Brazil nuts only produce fruit in virgin forests (forests not previously disturbed by human activity), as forests that are not virgin usually lack an orchid that is indirectly responsible for the pollination of the flowers. The orchids produce a scent that attracts small male long-tongued orchid bees (Euglossa spp), as the male bees need that scent to attract females. Without the orchid, the bees cannot mate, and therefore the lack of bees means the fruit do not get pollinated. The Brazil Nut tree's yellow flowers can only be pollinated by an insect strong enough to lift the coiled hood on the flower and with tongues long enough to negotiate the complex coiled flower. The large female long-tongued orchid bee pollinates the Brazil Nut tree. If both the orchids and the bees are present, the fruit takes 14 months to mature after pollination of the flowers, and is a large capsule 10–15 cm diameter resembling a coconut endocarp in size and weighing up to 2 kg. It has a hard, woody shell 8–12 mm thick, and inside contains 8–24 triangular seeds 4–5 cm long (Brazil nuts) packed like the segments of an orange; it is not a true nut in the botanical sense. The capsule contains a small hole at one end, which enables large rodents like the Agouti to gnaw open the capsule. They then eat some of the nuts inside while burying others for later use; some of these are able to germinate to produce new Brazil Nut trees. Most of the seeds are "planted" by the Agoutis in shady places, and the young saplings may have to wait years, in a state of dormancy, for a tree to fall and sunlight to reach it. It is not until then that it starts growing again. Capuchin monkeys have been reported to open Brazil nuts using a stone as an anvil.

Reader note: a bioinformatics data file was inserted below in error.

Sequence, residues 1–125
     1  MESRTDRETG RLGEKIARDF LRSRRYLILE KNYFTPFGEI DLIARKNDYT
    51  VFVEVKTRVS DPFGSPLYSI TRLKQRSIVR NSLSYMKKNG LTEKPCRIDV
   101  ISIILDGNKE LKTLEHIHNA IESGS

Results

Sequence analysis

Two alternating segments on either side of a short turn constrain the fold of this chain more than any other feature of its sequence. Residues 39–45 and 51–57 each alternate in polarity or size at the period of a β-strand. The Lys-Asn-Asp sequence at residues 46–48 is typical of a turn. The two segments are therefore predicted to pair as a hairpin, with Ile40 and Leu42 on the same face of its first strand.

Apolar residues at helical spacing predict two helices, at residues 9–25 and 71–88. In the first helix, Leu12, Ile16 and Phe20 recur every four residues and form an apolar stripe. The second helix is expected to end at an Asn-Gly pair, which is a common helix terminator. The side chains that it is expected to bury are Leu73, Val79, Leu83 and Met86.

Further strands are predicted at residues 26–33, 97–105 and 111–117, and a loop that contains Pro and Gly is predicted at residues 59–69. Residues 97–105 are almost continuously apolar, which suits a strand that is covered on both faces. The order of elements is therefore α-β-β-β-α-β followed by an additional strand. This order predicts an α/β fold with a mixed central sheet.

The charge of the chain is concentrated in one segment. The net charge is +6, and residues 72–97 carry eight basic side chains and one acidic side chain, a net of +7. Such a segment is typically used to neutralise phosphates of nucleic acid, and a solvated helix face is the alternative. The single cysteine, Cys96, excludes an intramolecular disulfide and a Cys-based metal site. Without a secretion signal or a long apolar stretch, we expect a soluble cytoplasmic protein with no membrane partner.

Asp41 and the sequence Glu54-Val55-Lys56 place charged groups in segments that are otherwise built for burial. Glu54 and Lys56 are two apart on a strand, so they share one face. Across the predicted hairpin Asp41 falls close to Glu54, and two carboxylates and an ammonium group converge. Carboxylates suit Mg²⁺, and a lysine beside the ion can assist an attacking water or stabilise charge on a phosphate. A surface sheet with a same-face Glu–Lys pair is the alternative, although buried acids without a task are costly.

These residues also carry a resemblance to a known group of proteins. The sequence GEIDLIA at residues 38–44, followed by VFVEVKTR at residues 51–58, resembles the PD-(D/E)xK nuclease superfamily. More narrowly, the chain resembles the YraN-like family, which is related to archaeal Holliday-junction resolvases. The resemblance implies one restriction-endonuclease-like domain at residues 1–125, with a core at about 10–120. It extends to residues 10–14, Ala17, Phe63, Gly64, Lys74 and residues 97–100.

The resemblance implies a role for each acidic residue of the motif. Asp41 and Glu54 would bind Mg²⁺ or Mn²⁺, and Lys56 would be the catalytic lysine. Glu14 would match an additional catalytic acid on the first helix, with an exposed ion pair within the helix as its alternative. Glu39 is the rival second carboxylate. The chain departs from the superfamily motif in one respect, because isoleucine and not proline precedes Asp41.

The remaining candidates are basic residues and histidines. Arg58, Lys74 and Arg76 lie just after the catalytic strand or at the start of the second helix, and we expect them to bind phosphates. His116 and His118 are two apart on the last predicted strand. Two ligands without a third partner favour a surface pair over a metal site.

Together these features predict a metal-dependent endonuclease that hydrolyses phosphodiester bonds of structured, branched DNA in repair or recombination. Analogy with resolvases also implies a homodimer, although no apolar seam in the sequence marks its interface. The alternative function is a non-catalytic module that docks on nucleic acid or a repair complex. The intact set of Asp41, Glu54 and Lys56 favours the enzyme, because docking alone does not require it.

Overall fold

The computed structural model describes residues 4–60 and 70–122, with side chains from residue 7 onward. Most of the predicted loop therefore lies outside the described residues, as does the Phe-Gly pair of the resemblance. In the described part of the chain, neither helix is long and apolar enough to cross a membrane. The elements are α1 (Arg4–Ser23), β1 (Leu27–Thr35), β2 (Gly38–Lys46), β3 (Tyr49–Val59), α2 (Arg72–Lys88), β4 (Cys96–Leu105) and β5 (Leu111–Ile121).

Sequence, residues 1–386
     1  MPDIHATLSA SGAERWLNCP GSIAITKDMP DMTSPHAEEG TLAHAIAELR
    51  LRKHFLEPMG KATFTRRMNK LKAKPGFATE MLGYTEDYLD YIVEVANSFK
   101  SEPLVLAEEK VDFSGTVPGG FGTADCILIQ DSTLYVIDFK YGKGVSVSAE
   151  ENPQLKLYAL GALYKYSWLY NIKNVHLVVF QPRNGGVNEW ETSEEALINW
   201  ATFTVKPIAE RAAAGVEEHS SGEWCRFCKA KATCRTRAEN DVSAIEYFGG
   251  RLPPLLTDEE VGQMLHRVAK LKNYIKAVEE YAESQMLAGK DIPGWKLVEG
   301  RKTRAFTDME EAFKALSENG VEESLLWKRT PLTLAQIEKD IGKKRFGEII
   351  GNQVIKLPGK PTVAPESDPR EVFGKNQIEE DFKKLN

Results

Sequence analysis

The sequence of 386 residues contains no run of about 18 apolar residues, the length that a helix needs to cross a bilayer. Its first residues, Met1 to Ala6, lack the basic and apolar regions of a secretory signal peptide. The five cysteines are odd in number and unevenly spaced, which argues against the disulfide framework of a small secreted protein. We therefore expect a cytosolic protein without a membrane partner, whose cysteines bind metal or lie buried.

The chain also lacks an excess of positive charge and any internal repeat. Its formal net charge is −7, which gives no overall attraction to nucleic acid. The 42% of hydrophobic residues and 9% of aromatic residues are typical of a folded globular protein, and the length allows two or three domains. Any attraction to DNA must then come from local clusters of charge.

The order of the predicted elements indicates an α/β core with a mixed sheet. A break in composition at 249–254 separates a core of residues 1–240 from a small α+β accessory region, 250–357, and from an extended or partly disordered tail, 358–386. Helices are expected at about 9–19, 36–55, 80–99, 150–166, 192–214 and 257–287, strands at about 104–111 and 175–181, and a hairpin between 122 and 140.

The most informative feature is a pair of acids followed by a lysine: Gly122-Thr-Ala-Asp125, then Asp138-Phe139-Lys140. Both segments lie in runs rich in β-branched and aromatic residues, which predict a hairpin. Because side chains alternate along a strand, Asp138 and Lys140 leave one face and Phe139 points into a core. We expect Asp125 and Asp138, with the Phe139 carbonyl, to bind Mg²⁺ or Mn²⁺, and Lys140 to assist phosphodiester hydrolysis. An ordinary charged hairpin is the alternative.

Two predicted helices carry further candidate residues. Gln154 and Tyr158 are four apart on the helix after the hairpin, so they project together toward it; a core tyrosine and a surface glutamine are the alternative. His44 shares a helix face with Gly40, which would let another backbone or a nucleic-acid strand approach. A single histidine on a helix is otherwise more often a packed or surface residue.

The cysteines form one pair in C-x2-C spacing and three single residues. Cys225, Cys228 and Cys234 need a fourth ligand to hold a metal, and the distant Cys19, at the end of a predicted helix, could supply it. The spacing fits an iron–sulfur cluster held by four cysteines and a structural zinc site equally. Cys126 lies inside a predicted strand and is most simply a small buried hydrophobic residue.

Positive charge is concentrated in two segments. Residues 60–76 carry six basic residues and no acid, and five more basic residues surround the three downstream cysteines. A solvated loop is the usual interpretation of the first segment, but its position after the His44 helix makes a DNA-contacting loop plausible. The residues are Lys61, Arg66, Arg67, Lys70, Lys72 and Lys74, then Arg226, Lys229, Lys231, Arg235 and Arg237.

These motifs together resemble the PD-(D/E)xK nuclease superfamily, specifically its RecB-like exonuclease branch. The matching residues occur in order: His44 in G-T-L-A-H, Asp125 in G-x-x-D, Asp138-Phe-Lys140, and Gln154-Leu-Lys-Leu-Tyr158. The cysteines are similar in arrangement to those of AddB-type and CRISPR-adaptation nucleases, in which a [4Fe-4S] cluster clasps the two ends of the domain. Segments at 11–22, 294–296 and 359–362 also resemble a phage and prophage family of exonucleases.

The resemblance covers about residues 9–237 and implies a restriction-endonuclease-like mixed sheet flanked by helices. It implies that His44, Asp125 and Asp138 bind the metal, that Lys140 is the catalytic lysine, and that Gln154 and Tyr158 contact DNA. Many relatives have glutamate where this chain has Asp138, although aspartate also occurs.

Nomenclature

shelled Brazil nuts

Despite their name, the most significant exporter of Brazil nuts is not Brazil but Bolivia, where they are called almendras. In Brazil these nuts are called castanhas-do-Pará, literally "chestnuts from Pará", but Acreans call them castanhas-do-Acre instead. Indigenous names include juvia in the Orinoco area, and sapucaia in Brazil. Though the term has largely fallen into disuse since the latter 20th century because of its inflammatory nature, a common slang term for the nuts in some regions of the United States was "nigger-toes".

Brazil nut
Depiction of the Brazil Nut in Scientific American Supplement, No. 598, June 18, 1887

The Brazil nut effect, where large items mixed with other smaller items (e.g. Brazil nuts mixed with peanuts) tend to rise to the top, is named after the species' large nuts.

Uses